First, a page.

yellowsub, of course people move for all kinds of reasons and I’ve absolutely no problems with that provided the move is genuine and dare I say, permanent. Even that, I can accept that permanency is subjective and is dependent on many factors. As far as this thread is concerned, I suggest you take another look at the very title itself and the original post.

OP was quite forthright and didn’t beat around the bush what his/her intended move was all about i.e. ”to be able to use it to apply for school admission” . . . in the catchment of a good one . . . and probably not be able to live long term in the catchment . . etc. I must admit this frank admission struck me dumbfounded when I first read it.

But you have utterly refused to see or consider my reasons when I explained why I feel a local child is more deserving than another who has been ferried in just for the school. OK, maybe the word deserving is too strong a word and I give you that. I honestly believe EVERY child is deserving of a good education but I also believe for every winner who gets into a good school, there is a loser who doesn’t get in.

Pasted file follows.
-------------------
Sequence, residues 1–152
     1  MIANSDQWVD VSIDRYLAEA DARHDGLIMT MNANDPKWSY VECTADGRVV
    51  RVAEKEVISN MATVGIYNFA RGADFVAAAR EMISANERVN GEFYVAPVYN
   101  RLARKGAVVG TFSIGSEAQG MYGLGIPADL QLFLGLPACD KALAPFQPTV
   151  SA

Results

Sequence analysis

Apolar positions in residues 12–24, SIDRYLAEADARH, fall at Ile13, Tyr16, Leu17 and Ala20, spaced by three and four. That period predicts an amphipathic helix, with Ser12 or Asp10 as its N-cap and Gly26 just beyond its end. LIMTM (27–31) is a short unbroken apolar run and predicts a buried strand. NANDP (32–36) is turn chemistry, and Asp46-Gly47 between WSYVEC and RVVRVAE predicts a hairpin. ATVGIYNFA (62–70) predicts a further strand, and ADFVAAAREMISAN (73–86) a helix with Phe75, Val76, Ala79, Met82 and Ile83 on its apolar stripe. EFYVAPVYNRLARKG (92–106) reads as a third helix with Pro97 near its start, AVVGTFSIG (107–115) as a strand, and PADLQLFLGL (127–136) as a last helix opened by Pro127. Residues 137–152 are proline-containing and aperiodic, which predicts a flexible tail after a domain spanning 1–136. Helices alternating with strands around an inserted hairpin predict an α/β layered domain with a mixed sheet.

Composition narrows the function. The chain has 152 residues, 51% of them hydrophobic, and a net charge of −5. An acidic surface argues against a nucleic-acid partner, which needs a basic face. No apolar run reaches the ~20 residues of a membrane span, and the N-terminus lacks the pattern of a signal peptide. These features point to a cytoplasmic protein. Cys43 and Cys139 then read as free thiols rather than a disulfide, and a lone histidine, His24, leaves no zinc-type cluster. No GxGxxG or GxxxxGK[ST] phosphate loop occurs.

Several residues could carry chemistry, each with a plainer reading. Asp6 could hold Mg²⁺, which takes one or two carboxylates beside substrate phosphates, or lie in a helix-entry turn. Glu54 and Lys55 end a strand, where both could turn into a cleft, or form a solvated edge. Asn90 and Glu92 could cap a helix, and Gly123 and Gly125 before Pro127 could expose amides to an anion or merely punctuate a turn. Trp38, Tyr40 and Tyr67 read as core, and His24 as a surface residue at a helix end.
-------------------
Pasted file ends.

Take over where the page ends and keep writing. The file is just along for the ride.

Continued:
The council in their wisdom have devised rules like ‘permanent address’ and ‘distance from the school’, etc. I believe the rules are well intended and meant to be fair catered for the local residents around the schools in question. But as always, the wealthy and the affluent are able to ‘play the rules’ to their advantage at the expense of the poor and worse still, nudging out the very people that these schools were built for in the first place.

Your moral question to me about the siblings rule and moving away once your first child has been admitted is well answered a few post up thread. Councils are quite rightly shutting down this nonsense.